Monday, September 03, 2007

'He would shoot you in the head over a cold ravioli'

For jurors who have sat through a summer in Courtroom 2525 listening to testimony from more than 100 witnesses, the contrast couldn't have been starker on Wednesday.

The defense attorney, wearing a hypnotic pink-and-black checkered tie, reveled in his role as the mob lawyer, talking loudly about constitutional rights and the American Revolution. He blasted the government's case, contending the FBI could stand for "Forever Bothering Italians" and calling the prosecution's star witness a bald-faced liar who "would shoot you in the head over a cold ravioli."

And then there was the federal prosecutor, standing at the lectern in a dark, conservative suit as he spoke with barely controlled anger. He told the jury that the 18 gangland slayings at the heart of the case stretched over 40 years and illustrated the cruelty of a ruthless Outfit that "survived and prospered at the expense of who knows how many victims."

The defense lawyer, Joseph Lopez, ripped star witness Nicholas Calabrese as a crybaby and "a walking piece of deception." Not so, said the prosecutor, Assistant U.S. Atty. Mitchell Mars, who defended Calabrese as a product of the city's underworld, an Outfit soldier who had been forthright about "a very horrible life."

The dueling closing arguments in the Family Secrets conspiracy trial came as the jury is set to begin deliberations as soon as Thursday.

Mars, the longtime chief of the organized-crime unit in the U.S. attorney's office in Chicago, will wrap up his closing argument Thursday, and U.S. District Judge James Zagel, presiding over the landmark trial, will then instruct the jury.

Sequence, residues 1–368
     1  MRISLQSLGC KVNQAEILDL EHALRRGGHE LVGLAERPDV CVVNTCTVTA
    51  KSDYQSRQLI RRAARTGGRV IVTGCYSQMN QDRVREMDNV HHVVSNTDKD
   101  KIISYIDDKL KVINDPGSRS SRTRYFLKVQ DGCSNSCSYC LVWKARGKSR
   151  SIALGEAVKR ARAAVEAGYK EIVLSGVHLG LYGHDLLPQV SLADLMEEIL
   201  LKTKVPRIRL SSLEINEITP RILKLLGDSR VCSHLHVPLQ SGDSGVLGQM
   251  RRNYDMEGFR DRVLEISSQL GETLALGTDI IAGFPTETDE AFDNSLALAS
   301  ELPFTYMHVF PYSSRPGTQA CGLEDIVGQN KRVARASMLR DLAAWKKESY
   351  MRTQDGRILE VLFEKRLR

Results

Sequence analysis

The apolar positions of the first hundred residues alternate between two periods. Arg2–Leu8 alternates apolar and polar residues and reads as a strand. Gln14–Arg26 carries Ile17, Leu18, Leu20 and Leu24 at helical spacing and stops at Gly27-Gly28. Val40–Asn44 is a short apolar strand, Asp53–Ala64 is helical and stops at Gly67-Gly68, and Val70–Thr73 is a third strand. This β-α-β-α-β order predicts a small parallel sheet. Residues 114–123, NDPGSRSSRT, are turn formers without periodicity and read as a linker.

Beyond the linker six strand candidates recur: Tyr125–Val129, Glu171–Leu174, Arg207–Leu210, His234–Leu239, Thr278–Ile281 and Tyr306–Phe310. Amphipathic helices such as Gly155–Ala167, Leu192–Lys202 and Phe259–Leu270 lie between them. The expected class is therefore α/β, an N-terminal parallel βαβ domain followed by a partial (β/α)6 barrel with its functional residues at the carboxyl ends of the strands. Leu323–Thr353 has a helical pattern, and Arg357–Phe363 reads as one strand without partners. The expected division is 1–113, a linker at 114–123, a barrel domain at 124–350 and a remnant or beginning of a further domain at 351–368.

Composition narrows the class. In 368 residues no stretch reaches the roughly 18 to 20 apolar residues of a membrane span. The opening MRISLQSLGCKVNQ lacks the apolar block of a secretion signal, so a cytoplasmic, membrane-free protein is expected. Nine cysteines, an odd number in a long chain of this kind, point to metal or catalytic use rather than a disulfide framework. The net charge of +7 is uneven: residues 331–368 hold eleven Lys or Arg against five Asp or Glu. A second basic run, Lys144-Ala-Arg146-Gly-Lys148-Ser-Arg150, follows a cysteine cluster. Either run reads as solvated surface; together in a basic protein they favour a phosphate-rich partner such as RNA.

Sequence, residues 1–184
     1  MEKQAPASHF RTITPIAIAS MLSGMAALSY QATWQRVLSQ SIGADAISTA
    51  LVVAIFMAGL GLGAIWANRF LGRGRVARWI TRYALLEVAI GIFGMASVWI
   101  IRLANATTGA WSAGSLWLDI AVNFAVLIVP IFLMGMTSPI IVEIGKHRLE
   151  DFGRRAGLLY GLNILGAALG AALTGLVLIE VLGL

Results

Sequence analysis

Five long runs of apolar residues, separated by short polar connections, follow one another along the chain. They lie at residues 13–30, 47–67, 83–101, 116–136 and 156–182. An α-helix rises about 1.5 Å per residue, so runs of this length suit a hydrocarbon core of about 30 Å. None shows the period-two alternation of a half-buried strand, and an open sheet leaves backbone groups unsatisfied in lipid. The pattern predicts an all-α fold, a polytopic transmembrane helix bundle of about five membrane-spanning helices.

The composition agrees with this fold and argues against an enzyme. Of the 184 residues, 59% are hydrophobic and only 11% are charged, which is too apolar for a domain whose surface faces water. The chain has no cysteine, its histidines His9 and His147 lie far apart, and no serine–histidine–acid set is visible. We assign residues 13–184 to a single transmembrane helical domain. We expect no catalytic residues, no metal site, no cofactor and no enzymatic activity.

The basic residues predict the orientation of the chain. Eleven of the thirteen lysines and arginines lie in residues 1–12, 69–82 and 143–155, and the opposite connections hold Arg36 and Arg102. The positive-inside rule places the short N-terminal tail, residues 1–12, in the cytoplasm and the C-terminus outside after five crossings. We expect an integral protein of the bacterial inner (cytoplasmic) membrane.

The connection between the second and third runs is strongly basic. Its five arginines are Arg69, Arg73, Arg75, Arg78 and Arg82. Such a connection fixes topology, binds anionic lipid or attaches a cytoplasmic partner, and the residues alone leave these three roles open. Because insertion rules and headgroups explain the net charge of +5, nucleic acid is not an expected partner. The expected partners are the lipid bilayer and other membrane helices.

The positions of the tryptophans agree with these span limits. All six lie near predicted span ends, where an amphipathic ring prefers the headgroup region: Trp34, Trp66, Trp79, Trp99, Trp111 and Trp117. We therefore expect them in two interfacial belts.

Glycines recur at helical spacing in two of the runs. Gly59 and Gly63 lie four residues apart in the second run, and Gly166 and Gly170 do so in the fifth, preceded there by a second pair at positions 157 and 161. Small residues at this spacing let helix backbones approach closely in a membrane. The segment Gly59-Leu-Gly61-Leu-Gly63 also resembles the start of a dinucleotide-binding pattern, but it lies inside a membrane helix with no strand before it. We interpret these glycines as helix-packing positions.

Lopez represents Frank Calabrese Sr., an accused mob hit man alleged to have taken part in 13 of the murders. His brother, the star witness, and his son both cooperated against Calabrese, giving the case its Operation Family Secrets code name.

As he delivered his remarks, Lopez circled in front of the jury, looking up at his slick PowerPoint presentation, replete with cartoon characters, including a bawling infant. He urged the jury to remember that his client was cloaked in innocence "like Casper the Friendly Ghost" and that the jury system was the product of "bloodshed on American soil."

"Don't forget Valley Forge, where George Washington marched his troops on bleeding feet," he said.

The case amounts to a family feud, Lopez said, featuring Nicholas "the grim reaper" Calabrese and "I cannot do time" Frank Calabrese Jr., his client's wayward son. Jurors can keep or throw out whatever evidence they want, he said, piecing information together "just like putting something together from IKEA."

Lopez reminded jurors that from the witness stand, Nicholas Calabrese never looked them or his brother in the face, instead he stared straight ahead. Lopez assailed Nicholas Calabrese, saying he hated his brother and refused to take real responsibility for the 14 murders to which he admitted by trying to claim he was under his brother's thumb. When times got tough, Lopez said, Calabrese cried to "Mommy FBI."

On his turn, Mars credited Nicholas Calabrese for lifting the veil on many of the 18 murders, giving closure to victims' families and defended his credibility. "The issue is not whether you like Nicholas Calabrese," the prosecutor said. "That's not why we're here. The issue is whether you believe him."